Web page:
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Baptism Sermon for Easter Sunday at Immanuel Church-on-the-Hill, Alexandria, VA on Mar 31, 2013.

Easter Sunday, Year C (RCL): Acts 10:34-43; 1 Corinthians 15:19-26; Luke 24:1-12

Alleluia! Christ is risen! The Lord is risen indeed! Alleluia!

   If you have difficulty believing the Easter story, it’s understandable. It is so incredible that we ought to have difficulty with it. The Easter story has nothing to do with springtime. I imagine we’ve all heard any number of sermons about planting a flower bulb in the ground in the fall and then waiting all through the snows and ice of winter until spring’s warmth brings that bulb to life. It is a principle of nature, but it’s not what Easter is about. We are asked to believe that someone dead in a tomb for three days became alive again, never to die again. If at first you are a skeptic or a cynic, you have good reason to be. You understand the issues.

       Let’s look closely at that first Easter morning experience from Luke’s Gospel. First, the women were the first to learn about the resurrection. How remarkable that was in a time when women were less than second-class citizens that the first people to whom Jesus’ resurrection was revealed were faithful and devout women. They had come to the tomb to embalm the body of Christ. They came without hope, resigned sadly to His death. The terror of Good Friday was over. The grief of Saturday was still with them and they came mourning, to prepare His body for the long journey into decay and decomposition. They came, absent of any faith that anything would change after what had happened.

       Coming into the cemetery, with no faith and no expectations, the women are met by two angels. They first asked the women why they were there. “Why do you seek the living among the dead?” Next, the angels remind them of Jesus’ own prophecy that on the third day He would be raised from the dead. Hearing this, Mary Magdalene, Joanna, Mary the mother of James, and the other women rushed off to tell the apostles.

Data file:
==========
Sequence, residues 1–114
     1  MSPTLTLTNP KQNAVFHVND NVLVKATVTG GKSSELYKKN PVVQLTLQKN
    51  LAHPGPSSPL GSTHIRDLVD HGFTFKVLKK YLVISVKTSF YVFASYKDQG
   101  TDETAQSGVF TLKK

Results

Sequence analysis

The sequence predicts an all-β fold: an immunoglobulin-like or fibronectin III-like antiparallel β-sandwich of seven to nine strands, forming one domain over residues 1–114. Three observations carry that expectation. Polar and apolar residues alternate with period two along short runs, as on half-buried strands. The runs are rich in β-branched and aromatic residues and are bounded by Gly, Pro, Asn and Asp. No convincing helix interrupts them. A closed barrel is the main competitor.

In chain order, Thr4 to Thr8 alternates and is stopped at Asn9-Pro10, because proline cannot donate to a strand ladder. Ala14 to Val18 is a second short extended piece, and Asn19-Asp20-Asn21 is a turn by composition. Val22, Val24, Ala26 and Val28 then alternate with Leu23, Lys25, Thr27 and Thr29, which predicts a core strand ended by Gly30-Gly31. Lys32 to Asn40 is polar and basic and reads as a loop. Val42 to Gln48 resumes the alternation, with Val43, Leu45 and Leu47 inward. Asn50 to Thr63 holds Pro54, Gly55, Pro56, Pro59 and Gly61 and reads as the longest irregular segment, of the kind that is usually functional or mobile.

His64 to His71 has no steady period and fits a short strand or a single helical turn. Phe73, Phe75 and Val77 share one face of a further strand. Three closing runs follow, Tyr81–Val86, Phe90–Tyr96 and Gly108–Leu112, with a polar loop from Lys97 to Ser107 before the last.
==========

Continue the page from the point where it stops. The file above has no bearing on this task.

And yet, wonder of wonders, these women who also had walked the Way with Jesus, the most faithful and reliable of witnesses, were not believed. The apostles, those who had spent intimate three years with Jesus, who had trusted their lives to Him, simply dismissed the witness of these women for “these words seemed to them an idle tale.”

       One of my favorite resources to turn to for inspiration while crafting a sermon is WorkingPreacher.org, which is associated with Luther Seminary, and offers podcast reflections on the weekly lectionary readings. They also have brief Preaching Moments where adjunct faculty focuses on a part of scripture.

       Regarding the reference “Idle tale,” Anna Carter Florence, an associate professor of homiletics at Columbia Theological Seminary in Decatur, GA, gets to the root of the word, which in the Greek is lairos, which means garbage, drivel, nonsense; in fact, literally … it means crap. And while Luke does not tell us exactly what the women said, if we turn to John’s Gospel, we hear Mary Magdalene announce to the disciples, “I have seen the Lord.” But still there is rejection. There is resistance. This is garbage.

 

       In some ways, we can understand their reaction. No words could possibly communicate this most awesome mystery in cosmic history – that someone who was totally dead was now alive. While it may be somewhat offensive that they did not accept what the women witnessed to, it’s not surprising that the apostles did not believe their ‘tales.’ Call it ignorance or even blindness, but those of us who are by nature either cynical or skeptical have been in that spot. And it is our human nature which puts us into the apostolic tradition. The apostles had to experience for themselves Jesus’ resurrection. You too are called into your own experience of the resurrected Jesus.

       This twenty-fourth chapter of Luke ends with Jesus’ appearance in resurrected form to all eleven disciples. Judas has already been lost by his own hand because he could not fathom that any form of forgiveness was possible. God does not say that if we don’t believe that it’s our tough luck. God honors our unbelief. God is saying through these verses that it is okay to doubt. God wants our faith in God to be based on an experience of the resurrection of Jesus.